‘Come and see what the Lord has done’, invites Psalm 46.8, and immediately talks about war, and then the ending of all war. The psalmist sees the hand of God, both in the horrible process of history and in the ultimate goal of history when God blows the final whistle. ‘Be still… !’ Habakkuk knew of the evils of the Babylonians – and so did God, who declares very sharp judgment upon their global plundering, violence, injustice, environmental destruction and idolatry (Habakkuk 2.6-19).

But, in and through God’s judgment, Habakkuk knows that the day will come when ‘the earth will be filled with the knowledge of the glory of God as the waters cover the sea’ (Habakkuk 2.14). With that vision and insight, Habakkuk turns to prayer (Habakkuk 3) – celebrating God’s past deeds, honestly expressing his fear in the present, but rejoicing in the security of God’s future. The early Christians had the same response in Acts 4.

4. God will be exalted among the nations and on the earth (Psalm 46.10), so we are to live for mission.

You notice, it does not just say God will be exalted among the angels up in heaven. The great biblical story is that God will bring people from all nations to share in the glory of his kingdom, and he will reign in the new creation – the new heaven and new earth of Revelation 21-22. The Israelites had to learn that, even in exile in Babylon under God’s judgment and even though they knew that Babylon itself stood under God’s imminent judgment, they had a mission to pray for and seek the welfare of the people around them (Jeremiah 29.7). God’s Abrahamic mission goes on.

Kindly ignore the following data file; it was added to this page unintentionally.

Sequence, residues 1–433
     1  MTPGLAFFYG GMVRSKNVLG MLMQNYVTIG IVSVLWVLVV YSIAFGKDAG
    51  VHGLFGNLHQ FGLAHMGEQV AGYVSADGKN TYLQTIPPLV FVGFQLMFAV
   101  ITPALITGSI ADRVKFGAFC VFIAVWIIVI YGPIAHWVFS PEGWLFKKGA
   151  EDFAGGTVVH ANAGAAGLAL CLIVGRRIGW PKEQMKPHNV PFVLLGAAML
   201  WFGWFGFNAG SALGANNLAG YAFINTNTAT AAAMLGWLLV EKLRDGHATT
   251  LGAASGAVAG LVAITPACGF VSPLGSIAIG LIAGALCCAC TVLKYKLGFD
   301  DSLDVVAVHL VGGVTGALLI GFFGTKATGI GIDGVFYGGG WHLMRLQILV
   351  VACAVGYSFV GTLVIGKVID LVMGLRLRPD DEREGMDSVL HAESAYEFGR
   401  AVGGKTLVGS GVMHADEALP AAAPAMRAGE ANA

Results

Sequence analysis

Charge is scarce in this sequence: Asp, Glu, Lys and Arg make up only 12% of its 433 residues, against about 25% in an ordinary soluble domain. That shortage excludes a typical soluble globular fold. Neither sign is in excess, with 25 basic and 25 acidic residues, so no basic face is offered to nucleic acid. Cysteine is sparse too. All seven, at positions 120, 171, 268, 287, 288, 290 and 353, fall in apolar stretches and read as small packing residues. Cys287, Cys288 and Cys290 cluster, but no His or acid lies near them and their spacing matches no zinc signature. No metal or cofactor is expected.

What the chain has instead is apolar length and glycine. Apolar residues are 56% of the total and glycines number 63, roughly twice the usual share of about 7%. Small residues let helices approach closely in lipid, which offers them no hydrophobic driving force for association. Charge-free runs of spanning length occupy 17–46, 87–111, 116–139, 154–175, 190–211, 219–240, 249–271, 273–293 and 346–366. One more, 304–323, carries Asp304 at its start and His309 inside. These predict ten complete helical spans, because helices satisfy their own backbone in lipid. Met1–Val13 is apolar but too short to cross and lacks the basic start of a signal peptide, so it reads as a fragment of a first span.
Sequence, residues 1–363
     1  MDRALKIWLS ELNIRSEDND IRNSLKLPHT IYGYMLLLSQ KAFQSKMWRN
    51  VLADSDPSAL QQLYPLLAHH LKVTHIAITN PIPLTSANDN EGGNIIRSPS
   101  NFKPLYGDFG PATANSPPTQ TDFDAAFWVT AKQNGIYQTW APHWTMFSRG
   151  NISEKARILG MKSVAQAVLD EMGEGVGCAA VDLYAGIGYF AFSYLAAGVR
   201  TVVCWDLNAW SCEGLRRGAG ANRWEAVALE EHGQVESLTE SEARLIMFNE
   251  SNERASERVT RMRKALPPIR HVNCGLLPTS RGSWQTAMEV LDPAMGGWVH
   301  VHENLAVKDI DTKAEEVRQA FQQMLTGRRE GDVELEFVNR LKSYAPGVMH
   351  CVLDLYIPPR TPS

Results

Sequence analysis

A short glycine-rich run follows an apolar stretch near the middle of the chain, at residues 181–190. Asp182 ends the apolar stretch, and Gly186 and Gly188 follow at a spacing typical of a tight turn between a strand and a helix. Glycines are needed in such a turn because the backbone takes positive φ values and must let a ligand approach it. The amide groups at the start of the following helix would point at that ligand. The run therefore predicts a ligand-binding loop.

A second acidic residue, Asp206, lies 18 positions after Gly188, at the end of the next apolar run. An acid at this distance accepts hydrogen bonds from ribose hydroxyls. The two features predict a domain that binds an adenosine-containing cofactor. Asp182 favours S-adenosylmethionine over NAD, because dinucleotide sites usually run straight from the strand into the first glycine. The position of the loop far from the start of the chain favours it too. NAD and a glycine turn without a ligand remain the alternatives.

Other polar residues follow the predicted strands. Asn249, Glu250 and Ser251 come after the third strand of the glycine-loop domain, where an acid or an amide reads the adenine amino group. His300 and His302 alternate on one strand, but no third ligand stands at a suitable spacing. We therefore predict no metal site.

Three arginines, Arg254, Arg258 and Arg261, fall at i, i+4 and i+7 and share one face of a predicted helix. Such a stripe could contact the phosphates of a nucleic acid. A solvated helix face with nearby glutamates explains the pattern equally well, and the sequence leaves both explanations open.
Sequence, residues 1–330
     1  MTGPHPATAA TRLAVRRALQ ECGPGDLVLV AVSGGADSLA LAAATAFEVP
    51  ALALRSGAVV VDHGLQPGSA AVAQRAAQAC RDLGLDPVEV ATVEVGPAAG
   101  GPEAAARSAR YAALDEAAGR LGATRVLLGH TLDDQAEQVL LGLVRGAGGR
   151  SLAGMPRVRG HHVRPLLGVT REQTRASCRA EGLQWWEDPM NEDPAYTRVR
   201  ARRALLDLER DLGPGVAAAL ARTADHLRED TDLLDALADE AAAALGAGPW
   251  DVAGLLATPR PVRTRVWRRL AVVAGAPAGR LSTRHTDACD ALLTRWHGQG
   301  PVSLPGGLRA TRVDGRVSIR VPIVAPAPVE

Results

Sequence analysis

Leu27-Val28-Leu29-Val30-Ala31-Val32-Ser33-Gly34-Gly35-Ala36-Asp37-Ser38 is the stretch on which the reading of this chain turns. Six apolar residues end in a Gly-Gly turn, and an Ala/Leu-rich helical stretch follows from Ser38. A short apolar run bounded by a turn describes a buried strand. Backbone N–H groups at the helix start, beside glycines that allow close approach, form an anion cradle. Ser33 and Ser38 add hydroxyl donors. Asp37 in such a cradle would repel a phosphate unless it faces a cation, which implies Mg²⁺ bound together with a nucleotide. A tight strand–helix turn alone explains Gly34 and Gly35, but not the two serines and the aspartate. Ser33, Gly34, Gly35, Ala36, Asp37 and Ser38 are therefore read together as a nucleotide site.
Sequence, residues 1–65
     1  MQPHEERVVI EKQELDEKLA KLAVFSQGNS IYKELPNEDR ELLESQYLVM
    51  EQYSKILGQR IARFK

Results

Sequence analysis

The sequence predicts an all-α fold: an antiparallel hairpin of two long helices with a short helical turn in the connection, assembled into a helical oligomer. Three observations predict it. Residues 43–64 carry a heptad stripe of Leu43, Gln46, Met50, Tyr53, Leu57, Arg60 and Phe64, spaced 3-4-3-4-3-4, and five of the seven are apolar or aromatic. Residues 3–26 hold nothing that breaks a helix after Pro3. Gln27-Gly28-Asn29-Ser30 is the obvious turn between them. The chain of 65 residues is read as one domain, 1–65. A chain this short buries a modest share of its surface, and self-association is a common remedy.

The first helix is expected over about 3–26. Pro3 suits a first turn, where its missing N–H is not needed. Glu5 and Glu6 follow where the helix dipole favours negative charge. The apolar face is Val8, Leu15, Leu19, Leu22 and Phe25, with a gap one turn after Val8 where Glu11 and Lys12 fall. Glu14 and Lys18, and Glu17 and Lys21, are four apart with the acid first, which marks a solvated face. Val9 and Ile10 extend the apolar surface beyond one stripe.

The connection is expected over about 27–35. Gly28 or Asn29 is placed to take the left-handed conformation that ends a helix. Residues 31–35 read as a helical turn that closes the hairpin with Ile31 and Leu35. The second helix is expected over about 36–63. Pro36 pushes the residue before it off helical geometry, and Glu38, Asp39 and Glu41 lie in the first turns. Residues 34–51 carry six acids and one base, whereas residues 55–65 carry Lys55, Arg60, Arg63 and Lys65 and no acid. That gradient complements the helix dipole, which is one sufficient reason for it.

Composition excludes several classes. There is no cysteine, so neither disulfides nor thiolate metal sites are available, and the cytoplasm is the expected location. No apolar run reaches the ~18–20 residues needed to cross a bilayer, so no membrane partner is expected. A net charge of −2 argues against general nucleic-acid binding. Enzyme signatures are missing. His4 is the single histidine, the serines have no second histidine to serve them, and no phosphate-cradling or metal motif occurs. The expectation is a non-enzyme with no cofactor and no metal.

So, no matter what the world will be like in our children’s and grandchildren’s lifetimes, and no matter what form the judgments of God on our fallen and idolatrous societies will take, we are not exempted from living and working for the great biblical mission of God, in God’s world, for God’s glory. We do that in our daily work, in our families and neighbourhoods, in our service of church and society, and in seeking first the kingdom of God and his justice.

And we at Langham Partnership go on praying that God will use our ministries to strengthen his church through the effective teaching and preaching of God’s Word, for whatever lies ahead.

Chris Wright is Langham Partnership’s International Ministries Director